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Kokko, Suvi, 2010. Local forest governance and benefit sharing from reduced emissions from deforestation and forest degradation (REDD) : case study from Burkina Faso. Second cycle, A2E. Uppsala: SLU, Dept. of Urban and Rural Development



Africa is one of the regions most affected by climate change. However its forests are important carbon sinks for the whole world, and if recognised as a global public good, could be conserved and contribute to green house gas emission reductions. A global mechanism, Reduced Emissions from Deforestation and forest Degradation(REDD+) aims to help developing countries in reducing emissions from deforestation and forest degradation, and enhancement of carbon stocks. REDD+ strategies may, however exclude local forest dependent communities from forests in order to conserve and maximise carbon stocks, thus having a severe impact on local livelihoods. Therefore, how local communities can participate and share benefits from REDD+ is a key concern.

This study investigates how three forest dependent communities in the Nazinon forest, in Southwest Burkina Faso could financially benefit from a REDD+ project. The aim of this study is to identify local governance structures for equitable distribution of benefits from avoided deforestation by investigating local-level experiences and practices in governance of forest resources, and trying to reveal structures that could be used for equitable benefit sharing and the implementation of an effective mechanism. This is a qualitative study which
has been conducted through semistructured interviews and focus group discussions with woodcutters, women and other stakeholders. Interviews with governmental officials and
representatives from the union of forest management cooperatives complement interviews conducted in the three villages. The empirical findings are supported by pervious research on deforestation, climate change and community forest management.

The field data demonstrates a strong dependency of the local populations on the Nazinon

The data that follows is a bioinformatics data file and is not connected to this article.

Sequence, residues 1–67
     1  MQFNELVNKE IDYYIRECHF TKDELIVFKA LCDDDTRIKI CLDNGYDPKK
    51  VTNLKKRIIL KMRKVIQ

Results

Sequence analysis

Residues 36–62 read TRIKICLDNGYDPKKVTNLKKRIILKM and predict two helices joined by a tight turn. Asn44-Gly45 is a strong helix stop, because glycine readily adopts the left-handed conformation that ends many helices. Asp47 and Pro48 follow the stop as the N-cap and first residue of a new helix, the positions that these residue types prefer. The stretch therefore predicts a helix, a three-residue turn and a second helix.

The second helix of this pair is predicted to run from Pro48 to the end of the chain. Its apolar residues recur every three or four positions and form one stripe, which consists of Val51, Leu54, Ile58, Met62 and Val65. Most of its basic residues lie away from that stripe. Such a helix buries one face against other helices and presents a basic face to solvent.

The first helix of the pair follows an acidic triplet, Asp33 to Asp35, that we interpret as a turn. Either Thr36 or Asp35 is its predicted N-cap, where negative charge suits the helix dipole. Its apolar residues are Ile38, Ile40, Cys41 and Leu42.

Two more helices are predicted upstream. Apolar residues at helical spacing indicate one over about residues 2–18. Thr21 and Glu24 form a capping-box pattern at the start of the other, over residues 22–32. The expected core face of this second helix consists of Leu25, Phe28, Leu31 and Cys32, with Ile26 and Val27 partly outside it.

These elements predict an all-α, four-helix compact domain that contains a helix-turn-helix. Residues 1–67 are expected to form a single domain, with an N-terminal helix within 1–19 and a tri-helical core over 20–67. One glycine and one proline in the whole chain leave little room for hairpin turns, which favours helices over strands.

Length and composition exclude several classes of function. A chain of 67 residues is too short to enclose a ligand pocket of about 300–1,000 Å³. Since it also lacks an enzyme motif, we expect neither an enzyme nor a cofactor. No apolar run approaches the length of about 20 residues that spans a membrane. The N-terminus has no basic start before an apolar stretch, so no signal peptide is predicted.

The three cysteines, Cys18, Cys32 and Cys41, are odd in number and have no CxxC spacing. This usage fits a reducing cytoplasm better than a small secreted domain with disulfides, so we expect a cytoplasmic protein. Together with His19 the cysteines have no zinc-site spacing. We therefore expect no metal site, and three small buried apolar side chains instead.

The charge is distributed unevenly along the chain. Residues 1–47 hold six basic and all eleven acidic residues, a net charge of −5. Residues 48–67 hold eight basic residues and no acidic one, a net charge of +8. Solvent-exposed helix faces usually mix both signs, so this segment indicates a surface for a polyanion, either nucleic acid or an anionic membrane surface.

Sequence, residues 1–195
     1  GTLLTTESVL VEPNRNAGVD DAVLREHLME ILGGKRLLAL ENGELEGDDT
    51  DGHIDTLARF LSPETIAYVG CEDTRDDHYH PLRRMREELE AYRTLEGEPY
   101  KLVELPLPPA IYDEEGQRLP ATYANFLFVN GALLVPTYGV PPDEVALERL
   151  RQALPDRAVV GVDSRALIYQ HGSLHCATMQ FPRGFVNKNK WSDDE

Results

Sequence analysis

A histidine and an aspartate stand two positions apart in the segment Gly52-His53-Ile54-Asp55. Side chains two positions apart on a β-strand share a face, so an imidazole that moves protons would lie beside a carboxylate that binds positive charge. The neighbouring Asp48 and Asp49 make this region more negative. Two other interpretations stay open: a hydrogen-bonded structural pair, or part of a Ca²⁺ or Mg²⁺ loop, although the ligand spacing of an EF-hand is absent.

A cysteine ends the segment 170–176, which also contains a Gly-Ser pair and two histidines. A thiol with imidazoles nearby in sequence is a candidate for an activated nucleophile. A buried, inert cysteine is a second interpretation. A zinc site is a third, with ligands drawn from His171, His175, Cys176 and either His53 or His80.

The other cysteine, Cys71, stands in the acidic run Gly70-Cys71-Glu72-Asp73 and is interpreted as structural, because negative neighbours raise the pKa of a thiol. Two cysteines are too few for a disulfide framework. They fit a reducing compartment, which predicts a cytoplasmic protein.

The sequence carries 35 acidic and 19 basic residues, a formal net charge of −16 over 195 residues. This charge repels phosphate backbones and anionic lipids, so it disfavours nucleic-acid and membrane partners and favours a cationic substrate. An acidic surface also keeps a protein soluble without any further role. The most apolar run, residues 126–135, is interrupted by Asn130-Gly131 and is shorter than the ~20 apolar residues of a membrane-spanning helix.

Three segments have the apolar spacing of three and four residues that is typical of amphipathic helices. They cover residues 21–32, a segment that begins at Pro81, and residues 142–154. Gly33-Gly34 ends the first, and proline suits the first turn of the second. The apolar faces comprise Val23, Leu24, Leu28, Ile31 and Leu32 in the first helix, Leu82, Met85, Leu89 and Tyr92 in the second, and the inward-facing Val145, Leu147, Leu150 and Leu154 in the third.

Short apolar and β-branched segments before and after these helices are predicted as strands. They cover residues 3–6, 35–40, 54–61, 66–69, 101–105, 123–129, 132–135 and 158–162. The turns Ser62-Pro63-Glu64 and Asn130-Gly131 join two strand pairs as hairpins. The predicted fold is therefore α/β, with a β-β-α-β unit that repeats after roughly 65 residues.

forest, which provides products and services to various stakeholders, such as woodcutters, women, live-stock breeders, fuel wood transporters and traders and the state. Based on the empirical data, problems are observed in local forest governance and the existing land tenure regime, which can cause significant challenges when designing and implementing REDD+ in the Nazinon forest. Nevertheless numerous opportunities are identified in the existing
governance structure, well-known rules and regulations, level of awareness of deforestation of local communities and their willingness to find alternative income generating activities to conserve their forest and improve their livelihoods.

The government and the international community have high ambitions for REDD+ in Burkina Faso, requiring complex strategies and action plans before any actual carbon selling can take place. This study questions the need for overwhelming strategies when the existing forest
governance problems are fundamental, requiring simple, but overarching reform processes in order to obtain sustainable forest management and empower local communities in the management of their forests.

Main title:Local forest governance and benefit sharing from reduced emissions from deforestation and forest degradation (REDD)
Subtitle:case study from Burkina Faso
Authors:Kokko, Suvi
Supervisor:Alarcon-Ferrari, Cristian
Examiner:Sriskandarajah, Nadarajah
Volume/Sequential designation:UNSPECIFIED
Year of Publication:2010
Level and depth descriptor:Second cycle, A2E
Student's programme affiliation:NM005 Environmental Economics and Management - Master's Programme 120 HEC
Supervising department:(NL, NJ) > Dept. of Urban and Rural Development
(LTJ, LTV) > Dept. of Urban and Rural Development
Keywords:REDD, climate change, local governance, community forest management, benefit sharing
Permanent URL:
Subject. Use of subject categories until 2023-04-30.:Rural population
Forestry - General aspects
Deposited On:20 Dec 2010 08:58
Metadata Last Modified:22 Apr 2012 08:26

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